Rachel Maddow’s Criticism of Jesse Helms Not Without Merit

In 1990, when U.S. Senator Jesse Helms ran against former Charlotte Mayor Harvey Gantt, Helms used an ad by GOP strategist, Alex Castellanos, which showed a white hand destroying a job application with an announcer saying that person needed the job but it was given to a Black person.

I will never forget that because I lived in Virginia Beach at the time and my girlfriend’s father was in NC helping with Gantt’s campaign.

I still remember how outraged and hurt my girlfriend’s father was to witness that kind of race baiting in a 20th Century election, particularly when Black Americans knew that qualitative and quantitative data overwhelmingly showed affirmative action benefited White women in private and public sector jobs, more so than Black Americans.

That didn’t matter to Helms. He knew the ad would fuel racial stereotypes and rally his base based upon fear.

Helm’s ad provoked extreme hostilities which provoked open quarrels in NC between Black and White voters, and that is just a scratch of the surface.

There are a number of other well documented incidents where Sen. Jesse Helms demonstrated that, as a human being, he had a dark soul, even if he did embrace Constitutional principles in a general sense.

Now, some “conservatives” attack Rachel Maddow for her criticism of Sen. Ted Cruz, for his apparent kind regards towards Helms.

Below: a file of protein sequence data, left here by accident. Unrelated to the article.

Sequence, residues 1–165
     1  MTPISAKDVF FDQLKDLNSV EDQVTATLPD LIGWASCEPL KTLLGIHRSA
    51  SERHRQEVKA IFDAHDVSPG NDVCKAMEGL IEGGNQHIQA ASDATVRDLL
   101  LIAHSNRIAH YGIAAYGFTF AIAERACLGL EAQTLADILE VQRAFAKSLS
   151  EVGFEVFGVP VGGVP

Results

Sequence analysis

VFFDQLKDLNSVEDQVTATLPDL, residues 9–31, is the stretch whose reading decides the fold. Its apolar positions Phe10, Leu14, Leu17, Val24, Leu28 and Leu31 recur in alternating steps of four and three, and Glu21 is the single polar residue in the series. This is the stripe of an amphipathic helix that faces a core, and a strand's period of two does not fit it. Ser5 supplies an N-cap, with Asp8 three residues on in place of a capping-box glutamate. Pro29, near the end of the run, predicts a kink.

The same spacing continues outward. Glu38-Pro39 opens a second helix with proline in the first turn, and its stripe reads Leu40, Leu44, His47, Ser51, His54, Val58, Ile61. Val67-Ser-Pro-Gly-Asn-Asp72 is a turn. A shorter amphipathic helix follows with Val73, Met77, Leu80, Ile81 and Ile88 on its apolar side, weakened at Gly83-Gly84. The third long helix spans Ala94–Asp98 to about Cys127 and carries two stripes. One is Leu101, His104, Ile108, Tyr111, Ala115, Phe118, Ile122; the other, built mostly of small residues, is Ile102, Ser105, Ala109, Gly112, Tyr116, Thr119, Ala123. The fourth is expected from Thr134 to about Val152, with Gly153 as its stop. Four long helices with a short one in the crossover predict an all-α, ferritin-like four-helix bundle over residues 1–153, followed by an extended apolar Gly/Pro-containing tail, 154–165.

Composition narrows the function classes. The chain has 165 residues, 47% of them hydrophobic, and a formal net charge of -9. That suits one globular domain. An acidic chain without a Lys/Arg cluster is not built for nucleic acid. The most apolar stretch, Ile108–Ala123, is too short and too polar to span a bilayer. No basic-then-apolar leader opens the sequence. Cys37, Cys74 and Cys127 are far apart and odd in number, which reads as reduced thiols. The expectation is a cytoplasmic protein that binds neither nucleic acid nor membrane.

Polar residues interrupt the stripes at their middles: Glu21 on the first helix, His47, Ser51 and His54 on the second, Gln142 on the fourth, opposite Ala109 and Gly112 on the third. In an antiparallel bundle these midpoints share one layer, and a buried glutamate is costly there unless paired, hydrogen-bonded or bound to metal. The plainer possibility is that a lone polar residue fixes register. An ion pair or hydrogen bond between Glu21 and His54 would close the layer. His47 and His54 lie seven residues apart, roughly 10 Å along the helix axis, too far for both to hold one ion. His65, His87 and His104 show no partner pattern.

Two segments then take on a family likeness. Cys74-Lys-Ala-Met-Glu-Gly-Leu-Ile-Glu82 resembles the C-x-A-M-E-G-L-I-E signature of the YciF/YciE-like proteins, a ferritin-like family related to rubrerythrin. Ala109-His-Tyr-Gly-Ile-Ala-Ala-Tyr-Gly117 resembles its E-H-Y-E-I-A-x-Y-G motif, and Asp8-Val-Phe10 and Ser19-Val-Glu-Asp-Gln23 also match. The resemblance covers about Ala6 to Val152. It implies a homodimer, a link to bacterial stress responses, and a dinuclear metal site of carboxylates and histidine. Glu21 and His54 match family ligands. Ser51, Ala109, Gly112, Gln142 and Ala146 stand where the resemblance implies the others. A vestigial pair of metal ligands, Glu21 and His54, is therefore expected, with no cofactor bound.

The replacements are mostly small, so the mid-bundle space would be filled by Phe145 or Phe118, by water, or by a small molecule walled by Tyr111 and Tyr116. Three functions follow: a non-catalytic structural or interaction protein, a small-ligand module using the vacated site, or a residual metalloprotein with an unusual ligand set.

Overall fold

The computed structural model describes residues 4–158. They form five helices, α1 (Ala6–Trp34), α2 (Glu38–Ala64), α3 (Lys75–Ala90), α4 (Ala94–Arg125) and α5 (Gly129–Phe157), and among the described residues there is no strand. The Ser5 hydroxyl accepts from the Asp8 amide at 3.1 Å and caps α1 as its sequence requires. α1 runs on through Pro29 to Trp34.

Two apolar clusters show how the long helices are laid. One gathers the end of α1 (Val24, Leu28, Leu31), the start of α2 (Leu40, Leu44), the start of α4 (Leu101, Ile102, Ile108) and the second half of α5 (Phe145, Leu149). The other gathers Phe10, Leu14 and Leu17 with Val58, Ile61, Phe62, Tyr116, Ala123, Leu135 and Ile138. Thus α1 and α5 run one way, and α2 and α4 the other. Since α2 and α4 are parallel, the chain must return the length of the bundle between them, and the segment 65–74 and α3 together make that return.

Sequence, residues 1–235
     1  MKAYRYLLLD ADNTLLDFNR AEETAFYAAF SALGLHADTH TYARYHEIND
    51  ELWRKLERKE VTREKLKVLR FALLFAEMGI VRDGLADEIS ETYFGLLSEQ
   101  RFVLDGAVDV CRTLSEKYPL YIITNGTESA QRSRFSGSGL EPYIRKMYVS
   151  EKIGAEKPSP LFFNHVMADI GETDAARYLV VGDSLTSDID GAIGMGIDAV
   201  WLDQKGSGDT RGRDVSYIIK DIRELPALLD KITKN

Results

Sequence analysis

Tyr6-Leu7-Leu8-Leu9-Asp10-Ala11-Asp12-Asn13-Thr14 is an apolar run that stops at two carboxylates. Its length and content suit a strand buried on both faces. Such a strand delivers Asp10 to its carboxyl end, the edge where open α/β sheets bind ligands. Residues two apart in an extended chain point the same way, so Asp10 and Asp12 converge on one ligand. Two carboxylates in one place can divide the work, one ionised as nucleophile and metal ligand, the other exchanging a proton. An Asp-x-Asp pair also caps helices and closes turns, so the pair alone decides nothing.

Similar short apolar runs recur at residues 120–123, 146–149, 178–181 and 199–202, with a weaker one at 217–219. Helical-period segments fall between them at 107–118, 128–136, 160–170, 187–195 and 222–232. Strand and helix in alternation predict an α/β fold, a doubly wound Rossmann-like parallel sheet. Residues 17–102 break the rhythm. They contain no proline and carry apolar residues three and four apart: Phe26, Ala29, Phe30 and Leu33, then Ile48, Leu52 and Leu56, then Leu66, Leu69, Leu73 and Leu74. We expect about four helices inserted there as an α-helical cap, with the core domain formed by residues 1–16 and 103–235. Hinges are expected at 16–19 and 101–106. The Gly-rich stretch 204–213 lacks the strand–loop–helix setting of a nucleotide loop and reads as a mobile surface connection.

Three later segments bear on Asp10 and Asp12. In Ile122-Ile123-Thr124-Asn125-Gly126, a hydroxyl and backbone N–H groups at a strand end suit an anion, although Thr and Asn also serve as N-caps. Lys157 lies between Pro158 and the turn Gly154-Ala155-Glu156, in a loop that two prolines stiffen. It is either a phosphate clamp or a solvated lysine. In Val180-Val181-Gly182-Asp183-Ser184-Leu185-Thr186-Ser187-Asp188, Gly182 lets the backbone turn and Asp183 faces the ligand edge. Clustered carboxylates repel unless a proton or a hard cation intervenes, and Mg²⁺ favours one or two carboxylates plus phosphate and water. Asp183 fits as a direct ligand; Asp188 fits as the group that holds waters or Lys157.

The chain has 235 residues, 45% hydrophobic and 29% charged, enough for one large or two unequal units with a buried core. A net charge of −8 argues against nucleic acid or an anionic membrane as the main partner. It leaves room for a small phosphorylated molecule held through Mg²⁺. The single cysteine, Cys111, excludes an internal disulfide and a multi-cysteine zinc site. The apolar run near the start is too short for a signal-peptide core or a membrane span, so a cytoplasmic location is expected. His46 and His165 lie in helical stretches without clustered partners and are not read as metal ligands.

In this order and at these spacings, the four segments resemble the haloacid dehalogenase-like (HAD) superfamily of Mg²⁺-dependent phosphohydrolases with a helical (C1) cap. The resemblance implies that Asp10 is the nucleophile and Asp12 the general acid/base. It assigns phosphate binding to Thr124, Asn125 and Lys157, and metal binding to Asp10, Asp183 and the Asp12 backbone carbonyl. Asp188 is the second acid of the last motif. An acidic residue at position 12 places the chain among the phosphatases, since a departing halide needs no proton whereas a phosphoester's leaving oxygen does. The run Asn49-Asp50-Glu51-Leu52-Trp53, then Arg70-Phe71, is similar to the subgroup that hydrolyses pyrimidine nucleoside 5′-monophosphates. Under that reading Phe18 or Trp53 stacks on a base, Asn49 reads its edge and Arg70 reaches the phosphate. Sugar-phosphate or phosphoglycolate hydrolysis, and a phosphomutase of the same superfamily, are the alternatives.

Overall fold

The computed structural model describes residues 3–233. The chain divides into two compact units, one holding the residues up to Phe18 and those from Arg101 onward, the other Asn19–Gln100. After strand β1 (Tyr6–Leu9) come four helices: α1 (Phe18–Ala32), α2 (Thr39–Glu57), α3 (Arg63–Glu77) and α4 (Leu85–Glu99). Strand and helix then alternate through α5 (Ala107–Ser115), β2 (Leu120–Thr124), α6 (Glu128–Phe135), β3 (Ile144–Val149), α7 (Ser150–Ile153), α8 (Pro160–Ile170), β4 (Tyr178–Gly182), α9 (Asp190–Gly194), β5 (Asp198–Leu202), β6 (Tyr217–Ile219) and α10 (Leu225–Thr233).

I think it brings a measure of shame upon conservatism to call good evil and to call evil good, in the name of defending an individual.

It would be more credible to say that Sen. Cruz in no way has endorsed all of what Sen. Jesse Helms stood for and has not in any way endorsed all that Sen. Helms did as an elected official, but merely recognizes some of the positive contributions Sen. Helms gave to shared principles.

No need to try to sanitize the record of racism or race politics that is indeed public record, when it comes to Sen. Helms.

I mean, George Washington and Thomas Jefferson were slave owners. Jefferson once said that it was God’s will that Blacks should be slaves.

Yet, my Conservative peers hold them up as American heroes and determine that the fact these men were slave owners is not an expression of all these men were.

I accept that.

However, it is important to embrace both the best and worst of historical figures, to understand who they were and the nature of their spiritual journey.

Helms was a man who did some very dirty things to win elections. Some may say, “That’s politics’, but I disagree. He did them because it was in his heart to do them.

Not every politicians is dirty and not everyone has it in their heart to resort to tactics that would stir of racial hatred.

Helms did.

In the best of us, there is bad and in the worst of us, there is good.

We have more credibility when we acknowledge that, rather than pretend good is evil and evil is good.

At the end of the day, I don’t begrudge Sen. Cruz’s right to embrace some of what Sen. Helms stood for, but neither he or anyone else should be surprised or disappointed by the reaction of those who found the race politics of Helms to be unsettling.

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About sswimp

I am not an "African-American'. I am a proud American, who happens to be of African descent. I am Christian. My personal relationship with Jesus Christ and the Word of God shapes my concepts of what it means to be a conservative. I am Pro Life. Devoted to the principles of free enterprise, limited government,and individual responsibility. I believe in the sanctity of marriage between a man and woman.
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